Fortunately, as with most desired features in the Atlassian ecosystem, there’s an app for that. We’ve discussed eazyBI quite a bit in the past, and for good reason: it is simply one of the best data aggregation and reporting tools available for Jira. Period.

To track MTTR, try using the Issue Resolution Days report. This report can roll up all of your issues and report average MTTR, broken down by issue type and time period. As with most eazyBI reports, you can customize this one just about any way, including which additional metrics to report on (such as median, min, and max time to resolution) and total or average hours logged. You can even set up your data visualization exactly how you want it.

If you’d like to learn more about the Issue Resolution Days report, eazyBI has some excellent documentation

One important thing to keep in mind when a team begins tracking MTTR is to make sure you properly define when an issue is resolved in your Jira instance. Without this clear definition, you may have trouble collecting data, or worse, you report on the wrong information. Tracking your MTTR to learn more about how you can reduce this metric can help your organization save time and resources, as well as contribute to generating a better user experience.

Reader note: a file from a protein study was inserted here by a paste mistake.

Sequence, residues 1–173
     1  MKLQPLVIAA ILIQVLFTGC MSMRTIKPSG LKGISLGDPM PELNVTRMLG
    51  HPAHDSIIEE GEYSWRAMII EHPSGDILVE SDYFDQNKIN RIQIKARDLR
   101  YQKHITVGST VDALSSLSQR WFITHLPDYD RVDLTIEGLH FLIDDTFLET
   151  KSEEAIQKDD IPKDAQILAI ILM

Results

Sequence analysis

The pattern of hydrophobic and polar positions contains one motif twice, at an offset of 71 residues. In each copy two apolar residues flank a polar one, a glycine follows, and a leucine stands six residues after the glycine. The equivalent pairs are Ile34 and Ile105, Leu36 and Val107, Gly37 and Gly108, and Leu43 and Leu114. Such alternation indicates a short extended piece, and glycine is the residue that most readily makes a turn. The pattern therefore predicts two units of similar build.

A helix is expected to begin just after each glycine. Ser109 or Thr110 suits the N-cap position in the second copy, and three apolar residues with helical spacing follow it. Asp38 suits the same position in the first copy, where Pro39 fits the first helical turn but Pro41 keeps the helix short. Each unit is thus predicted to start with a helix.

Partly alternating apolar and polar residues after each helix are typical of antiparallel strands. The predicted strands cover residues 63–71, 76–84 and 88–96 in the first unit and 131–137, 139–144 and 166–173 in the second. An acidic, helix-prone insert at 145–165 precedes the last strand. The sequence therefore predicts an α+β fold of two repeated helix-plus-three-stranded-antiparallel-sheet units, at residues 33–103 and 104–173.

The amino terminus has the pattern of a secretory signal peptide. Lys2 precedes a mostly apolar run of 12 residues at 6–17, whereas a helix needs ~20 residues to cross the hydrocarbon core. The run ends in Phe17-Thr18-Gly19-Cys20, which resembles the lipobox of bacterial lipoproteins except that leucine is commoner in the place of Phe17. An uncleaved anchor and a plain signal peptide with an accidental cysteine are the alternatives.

If you want to get more out of reporting with Jira, let us help! As an Enterprise Platinum Atlassian Solution partner, Praecipio Consulting has spent over a decade working with the Atlassian suite to build, implement, and activate best-in-class solutions. When it comes to Jira and other Atlassian tools, we've got you covered!

Topics: jira blog meantime-to-recovery data reporting eazyBi customer-experience

Praecipio Consulting is an Atlassian Platinum Partner

This means that we have the most experience working with Atlassian tools and have insight into new products, features, and beta testing. Through our profound knowledge of Atlassian environments and their intricacies, we can guide your organization as you navigate these important changes.

atlassian-platinum-solution-partner-enterprise

In need of professional assistance?

WE'VE GOT YOUR BACK

Contact Us